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  1. Patterns of Justification: On Political Liberalism and the Primacy of Public Justification.Thomas M. Besch - forthcoming - Journal of Social and Political Philosophy.
    The discussion develops the view that public justification in Rawls’s political liberalism, in one of its roles, is actualist in fully enfranchising actual reasonable citizens and fundamental in political liberalism’s order of justification. I anchor this reading in the political role Rawls accords to general reflective equilibrium, and examine in its light the relationship between public justification, pro tanto justification, political values, full justification, the wide view of public political culture and salient public reason intuitions. This leaves us with the (...)
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  • Toleration, Reasonableness, and Power.Thomas M. Besch & Jung-Sook Lee - forthcoming - In Mitja Sardoc (ed.), The Palgrave Handbook of Toleration. Palgrave.
    This chapter explores Rainer Forst’s justification-centric view of nondomination toleration. This view places an idea of equal respect and a corresponding requirement of reciprocal and general justification at the core of non-domination toleration. After reconstructing this view, this chapter addresses two issues. First, even if this idea of equal respect requires the limits of non-domination toleration to be drawn in a manner that is equally justifiable to all affected people, equal justifiability should not be understood in terms of Forst’s requirement (...)
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  • On Actualist and Fundamental Public Justification in Political Liberalism.Thomas M. Besch - 2020 - Philosophia 48 (5):1777-1799.
    Public justification in political liberalism is often conceptualized in light of Rawls’s view of its role in a hypothetical well-ordered society as an ideal or idealizing form of justification that applies a putatively reasonable conception of political justice to political matters. But Rawls implicates a different idea of public justification in his doctrine of general reflective equilibrium. The paper engages this second, more fundamental idea. Public justification in this second sense is actualist and fundamental. It is actualist in that it (...)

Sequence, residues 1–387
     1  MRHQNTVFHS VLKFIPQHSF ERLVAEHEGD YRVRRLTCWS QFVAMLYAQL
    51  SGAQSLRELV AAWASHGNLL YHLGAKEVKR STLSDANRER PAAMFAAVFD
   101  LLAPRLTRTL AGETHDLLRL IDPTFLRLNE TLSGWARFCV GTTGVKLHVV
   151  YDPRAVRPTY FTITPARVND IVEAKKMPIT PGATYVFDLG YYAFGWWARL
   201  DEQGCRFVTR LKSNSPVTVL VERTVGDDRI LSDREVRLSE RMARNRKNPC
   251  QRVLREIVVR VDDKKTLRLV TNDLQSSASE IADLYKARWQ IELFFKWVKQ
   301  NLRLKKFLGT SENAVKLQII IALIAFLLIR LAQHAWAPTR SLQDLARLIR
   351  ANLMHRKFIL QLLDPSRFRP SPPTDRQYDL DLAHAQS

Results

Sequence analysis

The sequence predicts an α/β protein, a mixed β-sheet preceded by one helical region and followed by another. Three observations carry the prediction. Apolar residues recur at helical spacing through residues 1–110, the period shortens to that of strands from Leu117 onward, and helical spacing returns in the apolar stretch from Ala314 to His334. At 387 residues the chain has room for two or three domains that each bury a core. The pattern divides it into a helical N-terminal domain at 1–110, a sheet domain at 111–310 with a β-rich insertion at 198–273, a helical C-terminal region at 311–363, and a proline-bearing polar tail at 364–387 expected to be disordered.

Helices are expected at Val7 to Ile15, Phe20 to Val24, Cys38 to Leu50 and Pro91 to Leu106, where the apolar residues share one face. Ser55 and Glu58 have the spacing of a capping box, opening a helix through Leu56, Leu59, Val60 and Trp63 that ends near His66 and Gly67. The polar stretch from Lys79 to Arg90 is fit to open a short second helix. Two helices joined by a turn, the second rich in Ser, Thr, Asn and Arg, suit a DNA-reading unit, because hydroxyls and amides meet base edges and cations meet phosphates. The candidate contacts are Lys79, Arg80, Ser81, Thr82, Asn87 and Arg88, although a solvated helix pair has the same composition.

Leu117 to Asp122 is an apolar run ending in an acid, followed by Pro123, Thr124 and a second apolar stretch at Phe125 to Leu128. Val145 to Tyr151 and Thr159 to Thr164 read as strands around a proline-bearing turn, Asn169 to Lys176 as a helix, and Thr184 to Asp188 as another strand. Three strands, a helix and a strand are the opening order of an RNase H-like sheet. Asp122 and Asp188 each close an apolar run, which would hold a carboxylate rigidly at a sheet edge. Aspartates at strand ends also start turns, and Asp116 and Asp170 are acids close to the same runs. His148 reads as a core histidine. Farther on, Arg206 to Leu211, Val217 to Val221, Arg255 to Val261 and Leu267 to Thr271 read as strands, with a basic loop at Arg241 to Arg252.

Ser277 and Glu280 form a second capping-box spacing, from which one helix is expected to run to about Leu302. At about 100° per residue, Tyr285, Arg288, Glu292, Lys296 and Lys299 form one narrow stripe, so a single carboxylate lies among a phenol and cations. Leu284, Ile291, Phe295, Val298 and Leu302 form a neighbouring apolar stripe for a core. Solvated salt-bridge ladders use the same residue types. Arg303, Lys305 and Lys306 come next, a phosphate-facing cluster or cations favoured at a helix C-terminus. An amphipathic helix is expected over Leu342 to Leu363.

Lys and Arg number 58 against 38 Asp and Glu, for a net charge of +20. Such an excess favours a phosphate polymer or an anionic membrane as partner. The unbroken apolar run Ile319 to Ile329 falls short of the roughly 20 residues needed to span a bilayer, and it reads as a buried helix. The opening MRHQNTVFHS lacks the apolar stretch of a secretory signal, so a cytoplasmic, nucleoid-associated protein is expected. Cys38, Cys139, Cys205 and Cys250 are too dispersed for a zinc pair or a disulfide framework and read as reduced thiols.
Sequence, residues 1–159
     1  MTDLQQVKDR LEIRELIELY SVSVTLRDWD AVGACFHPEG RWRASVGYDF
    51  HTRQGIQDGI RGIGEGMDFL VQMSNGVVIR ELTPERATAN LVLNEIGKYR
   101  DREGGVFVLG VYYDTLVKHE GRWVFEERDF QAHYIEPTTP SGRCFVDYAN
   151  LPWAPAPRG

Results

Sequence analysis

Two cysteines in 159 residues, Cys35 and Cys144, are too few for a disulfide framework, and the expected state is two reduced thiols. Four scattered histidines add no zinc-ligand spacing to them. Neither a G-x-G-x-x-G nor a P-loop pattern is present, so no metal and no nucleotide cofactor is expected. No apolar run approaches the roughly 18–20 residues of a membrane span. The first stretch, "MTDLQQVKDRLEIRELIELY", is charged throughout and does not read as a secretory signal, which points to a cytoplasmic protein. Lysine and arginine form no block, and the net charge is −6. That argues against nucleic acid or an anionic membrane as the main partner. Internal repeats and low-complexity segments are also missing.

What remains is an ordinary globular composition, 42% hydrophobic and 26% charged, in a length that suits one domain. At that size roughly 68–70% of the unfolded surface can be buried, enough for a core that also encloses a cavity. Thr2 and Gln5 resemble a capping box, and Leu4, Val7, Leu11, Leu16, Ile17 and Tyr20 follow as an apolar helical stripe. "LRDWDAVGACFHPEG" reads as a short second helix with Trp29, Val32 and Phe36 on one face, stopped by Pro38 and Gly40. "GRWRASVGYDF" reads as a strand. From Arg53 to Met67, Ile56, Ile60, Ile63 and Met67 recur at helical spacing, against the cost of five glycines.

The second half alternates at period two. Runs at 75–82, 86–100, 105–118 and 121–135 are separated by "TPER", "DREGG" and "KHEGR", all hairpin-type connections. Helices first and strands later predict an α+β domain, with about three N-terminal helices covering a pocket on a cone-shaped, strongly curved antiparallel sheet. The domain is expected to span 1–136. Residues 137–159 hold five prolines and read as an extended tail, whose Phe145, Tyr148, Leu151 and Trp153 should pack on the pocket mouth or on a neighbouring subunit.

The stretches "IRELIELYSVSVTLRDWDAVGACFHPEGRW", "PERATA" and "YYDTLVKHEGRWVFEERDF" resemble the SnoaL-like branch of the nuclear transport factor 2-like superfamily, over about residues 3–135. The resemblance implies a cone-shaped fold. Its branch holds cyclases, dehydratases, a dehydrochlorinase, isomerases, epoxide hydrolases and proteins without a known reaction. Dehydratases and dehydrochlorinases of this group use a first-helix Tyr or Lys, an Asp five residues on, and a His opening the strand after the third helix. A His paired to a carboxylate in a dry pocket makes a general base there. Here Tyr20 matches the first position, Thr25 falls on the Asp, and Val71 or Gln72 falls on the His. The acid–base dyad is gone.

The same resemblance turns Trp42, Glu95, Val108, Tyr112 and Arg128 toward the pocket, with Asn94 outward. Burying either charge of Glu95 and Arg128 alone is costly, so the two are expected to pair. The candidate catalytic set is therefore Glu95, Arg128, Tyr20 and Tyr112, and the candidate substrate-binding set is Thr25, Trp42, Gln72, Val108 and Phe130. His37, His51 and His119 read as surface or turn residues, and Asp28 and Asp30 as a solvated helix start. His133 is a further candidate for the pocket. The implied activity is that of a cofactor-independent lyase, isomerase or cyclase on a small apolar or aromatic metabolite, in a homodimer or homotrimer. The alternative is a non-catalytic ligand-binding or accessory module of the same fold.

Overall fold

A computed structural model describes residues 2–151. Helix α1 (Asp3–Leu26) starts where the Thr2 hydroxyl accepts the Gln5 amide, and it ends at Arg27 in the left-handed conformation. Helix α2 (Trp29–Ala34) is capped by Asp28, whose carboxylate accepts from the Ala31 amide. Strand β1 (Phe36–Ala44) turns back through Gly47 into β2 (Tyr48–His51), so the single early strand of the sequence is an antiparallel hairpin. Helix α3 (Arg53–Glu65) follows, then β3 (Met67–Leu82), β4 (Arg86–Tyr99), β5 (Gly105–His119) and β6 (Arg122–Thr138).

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  • Forst on Reciprocity of Reasons: A Critique.Thomas M. Besch - 2020 - Southern Journal of Philosophy 58 (3):357-382.
    According to Rainer Forst, (i) moral and political claims must meet a requirement of reciprocal and general acceptability (RGA) while (ii) we are under a duty in engaged discursive practice to justify such claims to others, or be able to do so, on grounds that meet RGA. The paper critically engages this view. I argue that Forst builds a key component of RGA, i.e., reciprocity of reasons, on an idea of the reasonable that undermines both (i) and (ii): if RGA (...)
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  • On Robust Discursive Equality.Thomas M. Besch - 2019 - Dialogue 58 (3):1-26.
    This paper explores the idea of robust discursive equality on which respect-based conceptions of justificatory reciprocity often draw. I distinguish between formal and substantive discursive equality and argue that if justificatory reciprocity requires that people be accorded formally equal discursive standing, robust discursive equality should not be construed as requiring standing that is equal substantively, or in terms of its discursive purchase. Still, robust discursive equality is purchase sensitive: it does not obtain when discursive standing is impermissibly unequal in purchase. (...)
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